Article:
Researchers in the Department of Anesthesia and Perioperative Medicine at the Medical University of South Carolina (MUSC) have found that an FDA-approved drug may help to decrease pain after surgery. In the pilot study published in Pain Management, spinal surgery patients who received N-acetylcysteine (NAC) during surgery in addition to standard pain control treatments reported lower pain scores and requested fewer opioids after surgery than patients given a placebo.
Opioids are often given for a short time after surgery to treat pain. Although effective, their potency can wain and addictive potential can be dangerous without careful supervision by a health care provider. As such, physicians welcome the opportunity to limit opioid use in managing pain.
“Can we stop giving opiates completely? Likely not. Can we decrease the amount patients need? We should try,” said Sylvia Wilson, MD, the Jerry G. Reves Endowed Chair in Anesthesia Research in the Department of Anesthesia and Perioperative Medicine and a principal investigator of the study.
Wilson has worked for years on efforts to improve pain management and limit opioid usage after surgical operations. As it turns out, a collaboration with a basic scientist within her own department could offer a solution.
Wilson began to work closely with Michael Scofield, PhD, the Jerry G. Reves Endowed Chair in Basic Science Anesthesiology Research and a senior author of the published study. Scofield has conducted laboratory research on NAC, an anti-inflammatory drug that is used to treat acetaminophen poisoning, mushroom poisoning, and liver damage. Researchers, such as Scofield, have also studied its effects on the nervous system, especially in the areas of addiction and pain perception. Wilson’s clinical goals and Scofield’s research on NAC made them ideal collaborators.
“This project is really an elegant synthesis of basic science and clinical research, using things we find have efficacy in the laboratory and taking them to the clinic,” said Scofield.
Wilson believes that partnerships between physicians and basic scientists can spur clinical advances. She credits the supportive environment within the department fostered by Chairman Scott Reeves, MD, and former College of Medicine Dean Jerry G. Reves, MD, for making such partnerships possible.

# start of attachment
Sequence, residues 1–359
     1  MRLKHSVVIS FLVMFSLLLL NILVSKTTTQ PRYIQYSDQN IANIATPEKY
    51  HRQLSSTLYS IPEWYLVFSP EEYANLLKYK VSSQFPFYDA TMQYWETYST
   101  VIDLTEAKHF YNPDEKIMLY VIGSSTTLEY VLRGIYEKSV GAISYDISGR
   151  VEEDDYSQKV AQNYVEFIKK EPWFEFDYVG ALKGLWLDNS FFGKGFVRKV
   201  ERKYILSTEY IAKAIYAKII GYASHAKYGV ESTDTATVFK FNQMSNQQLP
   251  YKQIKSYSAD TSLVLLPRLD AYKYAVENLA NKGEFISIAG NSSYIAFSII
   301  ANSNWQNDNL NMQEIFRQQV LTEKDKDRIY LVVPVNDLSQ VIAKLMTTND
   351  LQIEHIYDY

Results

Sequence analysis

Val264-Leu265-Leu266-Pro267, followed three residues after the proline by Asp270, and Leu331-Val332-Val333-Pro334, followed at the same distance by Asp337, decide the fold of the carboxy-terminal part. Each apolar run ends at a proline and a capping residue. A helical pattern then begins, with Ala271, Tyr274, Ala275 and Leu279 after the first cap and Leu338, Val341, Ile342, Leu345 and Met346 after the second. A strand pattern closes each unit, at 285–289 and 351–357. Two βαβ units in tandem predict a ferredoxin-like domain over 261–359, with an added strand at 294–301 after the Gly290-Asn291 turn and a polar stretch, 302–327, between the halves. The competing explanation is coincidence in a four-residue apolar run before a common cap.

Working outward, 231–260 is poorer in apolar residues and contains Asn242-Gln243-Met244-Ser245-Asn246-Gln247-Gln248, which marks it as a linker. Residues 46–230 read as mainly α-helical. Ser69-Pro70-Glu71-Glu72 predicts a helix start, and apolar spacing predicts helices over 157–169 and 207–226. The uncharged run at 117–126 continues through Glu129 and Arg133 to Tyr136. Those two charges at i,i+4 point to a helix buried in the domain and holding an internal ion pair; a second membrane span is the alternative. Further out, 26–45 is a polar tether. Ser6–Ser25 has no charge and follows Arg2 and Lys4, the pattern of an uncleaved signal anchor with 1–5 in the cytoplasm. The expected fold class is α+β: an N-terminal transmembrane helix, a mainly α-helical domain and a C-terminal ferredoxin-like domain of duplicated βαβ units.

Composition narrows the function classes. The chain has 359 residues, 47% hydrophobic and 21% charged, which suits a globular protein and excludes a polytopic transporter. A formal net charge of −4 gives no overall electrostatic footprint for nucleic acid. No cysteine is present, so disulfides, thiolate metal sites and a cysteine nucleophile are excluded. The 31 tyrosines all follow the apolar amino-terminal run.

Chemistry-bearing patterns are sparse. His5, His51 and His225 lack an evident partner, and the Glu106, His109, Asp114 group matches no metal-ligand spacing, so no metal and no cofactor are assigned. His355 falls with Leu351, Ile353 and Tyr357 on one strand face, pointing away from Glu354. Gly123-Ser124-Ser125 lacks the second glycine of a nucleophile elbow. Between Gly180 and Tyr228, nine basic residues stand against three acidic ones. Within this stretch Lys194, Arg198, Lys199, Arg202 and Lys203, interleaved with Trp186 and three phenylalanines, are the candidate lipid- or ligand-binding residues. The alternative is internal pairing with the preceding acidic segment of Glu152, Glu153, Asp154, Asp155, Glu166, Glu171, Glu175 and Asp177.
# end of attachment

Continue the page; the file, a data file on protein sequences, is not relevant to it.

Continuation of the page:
The research team chose spinal surgery patients for its pilot study because these patients often experience chronic pain before surgery and are more likely to be exposed to higher levels of opioids before, during, and after surgery. During surgery, patients received a standard regimen of anesthesia in addition to a dose of NAC or a saline infusion. Information on patients’ pain and opioid consumption was then collected.
In the 48 hours after surgery, patients who were administered NAC via IV infusion (150 mg/kg) received 19% fewer opioid doses on average than patients who received saline. NAC patients also reported lower pain scores and took a longer time to request pain medication after their surgery than the saline patients. The researchers were especially encouraged to see that the beneficial effect seemed to last longer than the NAC was expected to remain in the body.
“We’ve seen the impact of giving this medication persisting, and I think that’s significant,” said Wilson. “We’re not seeing a rebound effect when that medication wears off.”
This extended effect on pain perception mirrored previous findings from Scofield’s laboratory research.
“For heroin addiction, we had seen in NAC preclinical studies that protection against relapse vulnerability is long lasting,” said Scofield. “Certainly, the hope is that it’s something that has a long duration.”
Next, the research team wants to investigate whether the findings can be translated to other procedures. They are currently enrolling patients undergoing minimally invasive hysterectomies in a larger trial. As more patients are enrolled, the researchers will be able to conduct more in-depth statistical tests to improve their understanding of the effects of NAC on surgery-associated pain. This will help them to set the stage for future clinical trials of NAC during surgery.
“To change practice, you need many large clinical trials with different settings, different types of surgeries to show that you’re going to cause benefit, not harm,” said Wilson. “We want to show good clinical efficacy, but also safety in that situation.”